Queen's Park, Bolton 2737

Greater Manchester, England, Greater Manchester

Brief Description

Queen's Park, Bolton, is a public park designed by William Henderson and opened in 1866. Although many of the built structures have been lost, most of the principal design elements have survived. The park covers 22 hectares.

History

The park was opened on May 24 1866 by Lord Bradford.

Visitor Facilities

This is a municipal park, open daily for general public use. Please see: http://www.bolton.gov.uk/website/pages/Parksinformation.aspx

Terrain

The site slopes down to the River Croal from the north.

Detailed Description

Queens Park is a public park. It was originally called Bolton Park. It was the second of Bolton's public parks, created on meadow and pasture land between Chorley New Road and Spa Road. The scheme for the park had been included in the Bolton Improvement Act of 1864. Land for the park was purchased from the Earl of Bradford and the cost of enclosure and planting was estimated to be about £90,000. The park was opened in 1864.

The site is roughly circular, with an entrance lodge and main entrance from Chorley New Road. The River Croal is to the south and west of the site and there are a number of irregularly shaped ponds or lakes as a feature of the site. There is a central walk with pavilion, and a system of interconnecting straight and serpentine walks around the site. The park included a museum in 1895.

The following is from the Register of Parks and Gardens of Special Historic Interest. For the most up-to-date Register entry, please visit the The National Heritage List for England (NHLE):

www.historicengland.org.uk/listing/the-list

A public park designed by William Henderson and opened in 1866 which, although many of the built structures have been lost, retains most of the principal design elements as shown on a map of 1882.

DESCRIPTION

LOCATION, AREA, BOUNDARIES, LANDFORM, SETTING

Queen's Park is situated c 0.7km north-west of Bolton town centre in an area which is residential on the north and west sides. To the east is the site of Bolton Royal Infirmary (demolished) and there are playing fields and a gasworks to the south. The boundaries are formed by Chorley New Road to the north, Westgate Avenue and private gardens backing from Park Road to the west, Park Road and the River Croal to the south and the perimeter of the former hospital grounds and private dwellings to the east. The c 22ha site slopes down to the River Croal from the north.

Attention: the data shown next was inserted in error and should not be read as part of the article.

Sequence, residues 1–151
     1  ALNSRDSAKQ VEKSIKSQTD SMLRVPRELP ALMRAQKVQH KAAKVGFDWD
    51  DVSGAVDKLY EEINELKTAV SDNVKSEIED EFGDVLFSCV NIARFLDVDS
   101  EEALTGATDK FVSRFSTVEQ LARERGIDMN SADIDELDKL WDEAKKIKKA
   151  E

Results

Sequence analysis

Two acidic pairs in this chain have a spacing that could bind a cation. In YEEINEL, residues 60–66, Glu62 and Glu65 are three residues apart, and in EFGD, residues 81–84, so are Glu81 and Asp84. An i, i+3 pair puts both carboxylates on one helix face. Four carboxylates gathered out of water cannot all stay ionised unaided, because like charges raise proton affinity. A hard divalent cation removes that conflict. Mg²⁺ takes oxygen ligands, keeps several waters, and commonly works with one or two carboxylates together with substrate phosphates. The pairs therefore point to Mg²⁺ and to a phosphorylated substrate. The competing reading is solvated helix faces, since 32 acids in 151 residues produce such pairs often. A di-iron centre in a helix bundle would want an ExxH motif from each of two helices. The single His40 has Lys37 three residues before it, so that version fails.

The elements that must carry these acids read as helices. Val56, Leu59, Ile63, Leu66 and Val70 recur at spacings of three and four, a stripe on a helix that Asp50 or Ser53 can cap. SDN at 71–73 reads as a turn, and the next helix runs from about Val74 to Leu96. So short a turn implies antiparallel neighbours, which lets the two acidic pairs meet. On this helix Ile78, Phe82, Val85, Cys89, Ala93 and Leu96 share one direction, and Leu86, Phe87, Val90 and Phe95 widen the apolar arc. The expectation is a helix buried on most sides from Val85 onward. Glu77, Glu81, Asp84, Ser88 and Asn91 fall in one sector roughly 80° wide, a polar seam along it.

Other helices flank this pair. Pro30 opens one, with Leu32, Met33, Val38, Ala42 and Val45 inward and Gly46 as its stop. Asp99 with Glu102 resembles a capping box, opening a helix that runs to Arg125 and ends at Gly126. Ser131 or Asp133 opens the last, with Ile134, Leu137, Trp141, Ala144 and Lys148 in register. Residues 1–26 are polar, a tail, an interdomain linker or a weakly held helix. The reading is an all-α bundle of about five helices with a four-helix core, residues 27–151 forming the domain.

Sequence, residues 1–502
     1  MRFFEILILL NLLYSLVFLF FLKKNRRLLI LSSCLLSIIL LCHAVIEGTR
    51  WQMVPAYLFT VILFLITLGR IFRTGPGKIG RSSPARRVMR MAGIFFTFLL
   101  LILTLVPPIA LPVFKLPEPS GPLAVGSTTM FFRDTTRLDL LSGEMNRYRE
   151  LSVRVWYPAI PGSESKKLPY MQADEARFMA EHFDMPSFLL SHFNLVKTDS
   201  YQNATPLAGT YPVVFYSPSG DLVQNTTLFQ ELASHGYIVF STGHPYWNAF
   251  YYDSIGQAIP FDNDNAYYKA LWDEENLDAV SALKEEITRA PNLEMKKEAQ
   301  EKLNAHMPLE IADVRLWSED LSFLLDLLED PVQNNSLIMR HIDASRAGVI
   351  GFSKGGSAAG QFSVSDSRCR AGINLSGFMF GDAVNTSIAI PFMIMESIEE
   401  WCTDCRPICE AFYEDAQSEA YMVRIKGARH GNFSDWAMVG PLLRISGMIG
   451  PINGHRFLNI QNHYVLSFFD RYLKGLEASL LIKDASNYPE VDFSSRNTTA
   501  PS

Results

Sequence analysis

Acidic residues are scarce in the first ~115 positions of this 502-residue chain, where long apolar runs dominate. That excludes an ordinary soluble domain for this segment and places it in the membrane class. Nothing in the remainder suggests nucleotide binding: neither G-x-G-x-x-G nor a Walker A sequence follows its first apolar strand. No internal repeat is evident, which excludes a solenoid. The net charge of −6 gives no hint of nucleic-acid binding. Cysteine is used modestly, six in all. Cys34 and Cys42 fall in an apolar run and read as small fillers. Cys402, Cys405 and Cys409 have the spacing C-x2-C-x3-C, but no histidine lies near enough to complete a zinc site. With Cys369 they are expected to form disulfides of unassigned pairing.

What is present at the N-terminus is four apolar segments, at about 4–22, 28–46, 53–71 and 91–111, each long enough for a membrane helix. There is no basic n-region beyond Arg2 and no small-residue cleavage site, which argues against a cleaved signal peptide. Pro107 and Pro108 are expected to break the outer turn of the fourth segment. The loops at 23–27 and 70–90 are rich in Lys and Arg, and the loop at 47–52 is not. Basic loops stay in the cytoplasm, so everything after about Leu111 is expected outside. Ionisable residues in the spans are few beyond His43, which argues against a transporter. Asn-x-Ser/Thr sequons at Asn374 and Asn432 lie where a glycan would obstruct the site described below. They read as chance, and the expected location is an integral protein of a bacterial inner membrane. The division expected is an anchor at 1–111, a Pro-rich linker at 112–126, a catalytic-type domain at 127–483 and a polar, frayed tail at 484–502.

ENTRANCES AND APPROACHES

There are two principal entrances to the park, one on Chorley New Road shown in an early C20 photograph with a lodge with gates and gate piers, and also on the 1882 OS map when the boundary with the road was sheltered by trees. These entrance structures were demolished in the mid to late C20. On the south-west side there is an entrance with a lodge and stone gate piers with splayed flanking walls surmounted by railings on Park Road. There are various other informal entrances to the park including one at the south-east corner via a footbridge over the Croal.

PRINCIPAL BUILDING

The principal building was a large arcaded pavilion situated in the centre of the park at the centre of an axial terraced walk. This was demolished during the mid C20 and was replaced by a building positioned a few metres to the north and east, off the focus of the axis, which has also been demolished (1998). Another principal building was the Chadwick Museum situated in the south-west corner of the park. This was also demolished during the mid C20.

GARDENS AND PLEASURE GROUNDS

The park consists of a formal core surrounded by less formal areas of woodland, grassland and lakes. A roughly oval path encloses the more formal inner area and connects with sinuous paths leading through the remainder of the site.

The Chorley New Road entrance leads to lawns immediately south of the road, where a Cenotaph is situated c 75m south-west of the entrance. A path leads south from the entrance between elongated rectangular beds, as shown on the 1882 map, to a sunken circular parterre with a system of circular beds, laid out as shown on the 1882 map, reached by sets of stone steps leading down from a circular perimeter path. At the south end of the garden, set into the slope between sets of steps, the bank is planted with mass bedding to form the name of Bolton's current mayor, following a tradition which began when the park opened.